Eating MyPlate, Your Way, on the Family Budget

By Monique Ryan, MS, RD, CSSD, LDN
MyPlate guidelines

Since the colorful USDA MyPlate icon emerged last year, this visual reminder has encouraged Americans to increase their intake of fruits, vegetables, whole grains, and low-fat dairy products. While many people can appreciate both the preventive health benefits and the potential for health care savings of a more nutritious diet, this new plate doesn't have to amount to an increased grocery bill. With a little planning, you can eat your plate on a budget.

Eating healthy on a budget requires weekly food planning, purchasing and preparing so that nutritious and economical meals land on the table at home, in lunches for work and school, and at snack time. Planning is the first step. Knowing what will be cooked in advance can save time and help you avoid eating extra calories, fat and sodium, which can be concerns when eating out.  

Start by designating a weekly shopping day, and sit down the day before to plan your meals and snacks for the upcoming week in order to make a grocery list. Focus on foods like dried beans and lentils, whole grains and vegetables as the main ingredients, along with reasonable servings of lean proteins, in recipes such as stews, casseroles and stir-fry dishes. Search the Internet if you need some new recipe ideas or modify some family favorites to better fit MyPlate.

Before hitting the supermarket aisle follow these helpful habits:

  • Check sales and coupons, and sign up for any loyalty or membership grocery store card programs.
  • Make sure that you go shopping when you are not hungry to avoid impulse buys.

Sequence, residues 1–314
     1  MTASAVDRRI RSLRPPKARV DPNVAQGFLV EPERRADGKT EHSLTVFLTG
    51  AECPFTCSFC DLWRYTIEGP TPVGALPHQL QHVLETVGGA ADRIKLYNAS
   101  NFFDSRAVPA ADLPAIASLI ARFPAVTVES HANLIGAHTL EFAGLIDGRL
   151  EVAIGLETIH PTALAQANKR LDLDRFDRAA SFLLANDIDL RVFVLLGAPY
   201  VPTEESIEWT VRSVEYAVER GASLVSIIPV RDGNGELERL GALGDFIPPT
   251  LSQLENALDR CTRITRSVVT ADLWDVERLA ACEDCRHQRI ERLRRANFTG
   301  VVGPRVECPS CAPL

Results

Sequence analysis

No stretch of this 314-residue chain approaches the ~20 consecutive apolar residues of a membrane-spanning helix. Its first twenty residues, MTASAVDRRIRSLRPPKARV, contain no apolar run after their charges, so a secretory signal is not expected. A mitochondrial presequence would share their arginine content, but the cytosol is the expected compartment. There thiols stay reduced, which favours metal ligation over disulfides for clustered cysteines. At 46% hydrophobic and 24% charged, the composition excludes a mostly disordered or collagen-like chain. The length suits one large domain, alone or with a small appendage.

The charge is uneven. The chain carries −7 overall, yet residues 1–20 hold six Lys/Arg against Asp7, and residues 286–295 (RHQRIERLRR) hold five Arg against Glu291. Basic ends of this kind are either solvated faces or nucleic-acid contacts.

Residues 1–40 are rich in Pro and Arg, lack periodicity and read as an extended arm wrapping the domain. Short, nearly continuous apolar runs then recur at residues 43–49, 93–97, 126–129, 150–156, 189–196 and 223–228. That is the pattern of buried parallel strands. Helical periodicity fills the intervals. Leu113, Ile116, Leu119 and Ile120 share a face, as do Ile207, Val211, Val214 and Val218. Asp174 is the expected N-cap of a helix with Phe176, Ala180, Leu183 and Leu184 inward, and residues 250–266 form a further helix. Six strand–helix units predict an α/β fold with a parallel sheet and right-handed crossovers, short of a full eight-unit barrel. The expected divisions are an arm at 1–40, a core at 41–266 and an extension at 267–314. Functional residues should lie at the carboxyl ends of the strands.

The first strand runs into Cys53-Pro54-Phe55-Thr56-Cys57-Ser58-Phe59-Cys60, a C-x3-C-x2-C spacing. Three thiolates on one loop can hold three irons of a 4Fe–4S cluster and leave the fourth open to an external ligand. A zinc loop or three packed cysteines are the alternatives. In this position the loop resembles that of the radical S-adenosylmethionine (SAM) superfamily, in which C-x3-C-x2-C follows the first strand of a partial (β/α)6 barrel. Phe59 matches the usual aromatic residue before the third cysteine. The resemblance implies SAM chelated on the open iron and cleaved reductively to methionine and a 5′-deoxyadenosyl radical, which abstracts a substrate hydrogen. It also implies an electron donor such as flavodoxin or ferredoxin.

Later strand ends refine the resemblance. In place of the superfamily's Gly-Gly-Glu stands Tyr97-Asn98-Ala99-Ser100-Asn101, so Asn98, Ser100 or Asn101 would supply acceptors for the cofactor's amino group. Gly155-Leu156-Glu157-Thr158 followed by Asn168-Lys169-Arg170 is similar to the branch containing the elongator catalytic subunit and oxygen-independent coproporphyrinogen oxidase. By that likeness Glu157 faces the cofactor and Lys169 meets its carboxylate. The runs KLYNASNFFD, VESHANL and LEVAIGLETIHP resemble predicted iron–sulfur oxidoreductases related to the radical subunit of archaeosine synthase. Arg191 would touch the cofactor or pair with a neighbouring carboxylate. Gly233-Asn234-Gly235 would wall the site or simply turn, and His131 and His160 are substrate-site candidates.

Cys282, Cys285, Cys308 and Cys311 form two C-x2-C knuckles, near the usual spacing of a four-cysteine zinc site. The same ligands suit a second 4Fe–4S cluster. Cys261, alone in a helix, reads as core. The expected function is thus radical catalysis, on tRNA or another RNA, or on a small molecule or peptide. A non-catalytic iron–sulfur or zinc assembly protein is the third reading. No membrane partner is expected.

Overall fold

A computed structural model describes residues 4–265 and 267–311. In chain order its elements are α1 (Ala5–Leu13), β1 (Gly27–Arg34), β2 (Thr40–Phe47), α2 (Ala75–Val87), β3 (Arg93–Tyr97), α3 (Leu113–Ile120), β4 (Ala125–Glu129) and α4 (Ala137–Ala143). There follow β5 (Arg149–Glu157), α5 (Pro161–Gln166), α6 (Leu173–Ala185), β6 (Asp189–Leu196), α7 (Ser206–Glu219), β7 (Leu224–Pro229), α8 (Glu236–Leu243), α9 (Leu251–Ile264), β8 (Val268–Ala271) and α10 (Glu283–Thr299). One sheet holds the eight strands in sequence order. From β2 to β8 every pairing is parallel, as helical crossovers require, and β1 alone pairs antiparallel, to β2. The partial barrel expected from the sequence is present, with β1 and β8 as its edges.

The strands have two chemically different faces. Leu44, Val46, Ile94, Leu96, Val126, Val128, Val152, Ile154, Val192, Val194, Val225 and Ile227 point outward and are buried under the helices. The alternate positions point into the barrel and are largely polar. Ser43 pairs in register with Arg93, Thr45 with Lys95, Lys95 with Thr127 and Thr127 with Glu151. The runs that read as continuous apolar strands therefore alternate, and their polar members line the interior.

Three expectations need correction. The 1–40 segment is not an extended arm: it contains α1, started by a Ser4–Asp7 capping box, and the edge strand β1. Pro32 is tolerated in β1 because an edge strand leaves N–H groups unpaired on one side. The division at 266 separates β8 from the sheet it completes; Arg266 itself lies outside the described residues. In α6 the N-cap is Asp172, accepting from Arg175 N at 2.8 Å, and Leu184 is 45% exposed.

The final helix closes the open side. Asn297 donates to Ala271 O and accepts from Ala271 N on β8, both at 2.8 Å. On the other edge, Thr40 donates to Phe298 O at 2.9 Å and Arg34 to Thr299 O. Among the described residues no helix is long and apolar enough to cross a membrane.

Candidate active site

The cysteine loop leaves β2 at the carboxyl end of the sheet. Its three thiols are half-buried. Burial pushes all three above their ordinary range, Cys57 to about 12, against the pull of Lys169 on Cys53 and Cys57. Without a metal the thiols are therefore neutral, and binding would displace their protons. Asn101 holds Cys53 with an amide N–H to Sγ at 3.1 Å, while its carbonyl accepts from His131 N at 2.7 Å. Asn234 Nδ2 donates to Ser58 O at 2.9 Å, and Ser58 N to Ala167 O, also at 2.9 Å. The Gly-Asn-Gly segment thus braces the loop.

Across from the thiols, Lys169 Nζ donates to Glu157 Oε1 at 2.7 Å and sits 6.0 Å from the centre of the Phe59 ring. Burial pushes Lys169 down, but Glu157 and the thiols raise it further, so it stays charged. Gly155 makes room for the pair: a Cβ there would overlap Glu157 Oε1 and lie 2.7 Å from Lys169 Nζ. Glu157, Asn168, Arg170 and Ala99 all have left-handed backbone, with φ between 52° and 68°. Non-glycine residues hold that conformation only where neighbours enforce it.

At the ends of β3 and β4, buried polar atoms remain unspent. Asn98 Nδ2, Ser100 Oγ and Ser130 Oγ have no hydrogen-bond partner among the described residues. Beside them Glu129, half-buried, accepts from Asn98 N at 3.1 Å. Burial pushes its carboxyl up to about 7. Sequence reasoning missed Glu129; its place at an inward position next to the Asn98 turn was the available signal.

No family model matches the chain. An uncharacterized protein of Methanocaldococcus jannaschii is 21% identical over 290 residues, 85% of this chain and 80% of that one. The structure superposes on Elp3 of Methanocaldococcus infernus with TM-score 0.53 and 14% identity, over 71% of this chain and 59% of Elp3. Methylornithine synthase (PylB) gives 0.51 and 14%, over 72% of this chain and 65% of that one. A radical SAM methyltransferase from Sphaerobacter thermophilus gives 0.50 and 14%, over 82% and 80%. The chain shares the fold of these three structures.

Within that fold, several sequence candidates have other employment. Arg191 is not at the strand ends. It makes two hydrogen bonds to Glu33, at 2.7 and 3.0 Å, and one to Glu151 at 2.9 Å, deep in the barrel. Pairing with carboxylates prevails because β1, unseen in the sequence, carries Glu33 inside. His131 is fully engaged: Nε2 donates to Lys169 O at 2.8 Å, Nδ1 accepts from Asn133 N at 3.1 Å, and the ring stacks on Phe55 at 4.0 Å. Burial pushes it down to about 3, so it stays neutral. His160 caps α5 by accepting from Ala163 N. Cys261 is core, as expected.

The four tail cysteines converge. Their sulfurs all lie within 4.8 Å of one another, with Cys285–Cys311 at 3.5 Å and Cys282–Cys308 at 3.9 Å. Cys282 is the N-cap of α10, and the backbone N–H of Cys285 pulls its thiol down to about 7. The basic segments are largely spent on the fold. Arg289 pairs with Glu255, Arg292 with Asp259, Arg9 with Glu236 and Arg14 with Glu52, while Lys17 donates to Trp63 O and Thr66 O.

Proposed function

• Give yourself time to shop so you can compare costs and make informed decisions.
  • Stick to your list.
  • Look high and low for better deals, since many expensive items are placed at eye level.
  • Stock up on staples in bulk, such as brown rice, whole-wheat pasta, dried beans and lentils, frozen vegetables, and proteins, like meat, poultry and fish, when items are on sale.
  • Buy fruits and vegetables in season, or consider canned and frozen varieties that do not contain added sodium and sugar, when they are more economical, as they also have a high nutritional value.
  • Avoid pre-washed, pre-cut, individual servings of produce as it is usually more expensive.
  • Buy fresh foods, because instant versions of foods often cost much more. Purchase these in small amounts so food is not thrown away when spoiled.
  • Consider less expensive store brands.

After planning and shopping, busy family cooks can prepare meals and ingredients in advance for quick reheating in the evening.

  • Double recipes to freeze the extra amounts in meal-size containers for later use.
  • Have one meatless meal with beans and lentils each week and plan to use leftovers for lunches or dinners later in the week.
  • Leftover vegetables can be incorporated into soups and stews, while overripe fruits make great additions to smoothies and pancakes or be frozen for refreshing snacks.

Reviewed October 2013

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